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Hospira UK Ltd

Horizon, Honey Lane, Hurley, Maidenhead, SL6 6RJ, UK
Fax: +44 (0)800 098 8653
Medical Information Direct Line: 1 800 633 363

Summary of Product Characteristics last updated on medicines.ie: 08/08/2017
SPC Cisplatin

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Cisplatin 1 mg/ml Concentrate for Solution for Infusion

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1 ml of concentrate for solution for infusion contains 1 mg of cisplatin.

1 vial of 10 ml concentrate for solution for infusion contains 10 mg of cisplatin. 1 vial of 50 ml concentrate for solution for infusion contains 50 mg of cisplatin. 1 vial of 100 ml concentrate for solution for infusion contains 100 mg of cisplatin.

Also contains sodium 9 mg/ml

For a full list of excipients, see 6.1.

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Concentrate for Solution for Infusion.

Clear, colourless to pale yellow solution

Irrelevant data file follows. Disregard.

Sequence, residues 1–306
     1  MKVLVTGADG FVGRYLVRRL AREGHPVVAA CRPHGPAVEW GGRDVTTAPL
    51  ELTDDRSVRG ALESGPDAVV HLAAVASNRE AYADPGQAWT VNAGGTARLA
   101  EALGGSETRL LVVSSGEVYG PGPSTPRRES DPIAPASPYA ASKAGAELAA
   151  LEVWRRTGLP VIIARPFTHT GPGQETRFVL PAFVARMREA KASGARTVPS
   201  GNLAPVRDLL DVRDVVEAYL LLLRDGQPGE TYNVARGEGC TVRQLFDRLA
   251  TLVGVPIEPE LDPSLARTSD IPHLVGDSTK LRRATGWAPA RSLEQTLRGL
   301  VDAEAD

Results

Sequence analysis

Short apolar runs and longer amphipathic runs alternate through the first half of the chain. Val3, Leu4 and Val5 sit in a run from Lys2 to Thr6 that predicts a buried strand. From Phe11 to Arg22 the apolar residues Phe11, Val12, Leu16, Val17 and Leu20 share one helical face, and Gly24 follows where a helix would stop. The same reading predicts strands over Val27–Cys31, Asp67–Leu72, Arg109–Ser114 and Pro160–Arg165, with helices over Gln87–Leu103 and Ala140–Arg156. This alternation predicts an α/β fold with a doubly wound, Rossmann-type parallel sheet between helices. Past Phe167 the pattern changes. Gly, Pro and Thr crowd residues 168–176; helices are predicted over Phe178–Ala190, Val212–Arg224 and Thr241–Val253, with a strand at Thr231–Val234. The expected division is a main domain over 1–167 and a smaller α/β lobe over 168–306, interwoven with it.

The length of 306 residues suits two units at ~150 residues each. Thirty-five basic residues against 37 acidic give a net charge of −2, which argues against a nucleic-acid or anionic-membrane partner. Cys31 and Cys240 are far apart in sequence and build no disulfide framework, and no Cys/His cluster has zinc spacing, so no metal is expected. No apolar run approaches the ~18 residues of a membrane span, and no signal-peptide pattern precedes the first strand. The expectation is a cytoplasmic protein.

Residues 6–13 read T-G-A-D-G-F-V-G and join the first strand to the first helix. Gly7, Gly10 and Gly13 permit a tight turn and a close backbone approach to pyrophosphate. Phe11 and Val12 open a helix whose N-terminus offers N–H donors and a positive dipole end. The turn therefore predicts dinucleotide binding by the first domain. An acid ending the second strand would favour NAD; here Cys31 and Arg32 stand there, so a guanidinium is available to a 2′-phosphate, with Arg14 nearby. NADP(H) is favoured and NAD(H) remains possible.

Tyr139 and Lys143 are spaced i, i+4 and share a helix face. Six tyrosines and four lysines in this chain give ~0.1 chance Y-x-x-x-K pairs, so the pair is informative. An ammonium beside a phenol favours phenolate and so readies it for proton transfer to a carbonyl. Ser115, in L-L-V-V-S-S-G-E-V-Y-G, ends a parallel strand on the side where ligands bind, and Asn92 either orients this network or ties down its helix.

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4.1 Therapeutic indications

Cisplatin is intended for the treatment of:

- Advance or metastasised testicular cancer

- Advance or metastasised ovarian cancer

- Advance or metastasised bladder carcinoma

- Advance or metastasised squamous cell carcinoma of the head and neck

- Advance or metastasised non-small cell lung carcinoma

- Advance or metastasised small cell lung carcinoma

Cisplatin is indicated in the treatment of cervical carcinoma in combination with other chemotherapeutics or with radiotherapy.

Cisplatin can be used as monotherapy and in combination therapy.

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4.2 Posology and method of administration

Cisplatin 1 mg/ml Concentrate for solution for infusion is to be diluted before administration. For instructions for dilution of the product before administrate, see section 6.6.

The dilution should be administered only intravenously by infusion (see below). For administration, any device containing aluminium that may come in contact with cisplatin (sets for intravenous infusion, needles, catheters, syringes) must be avoided.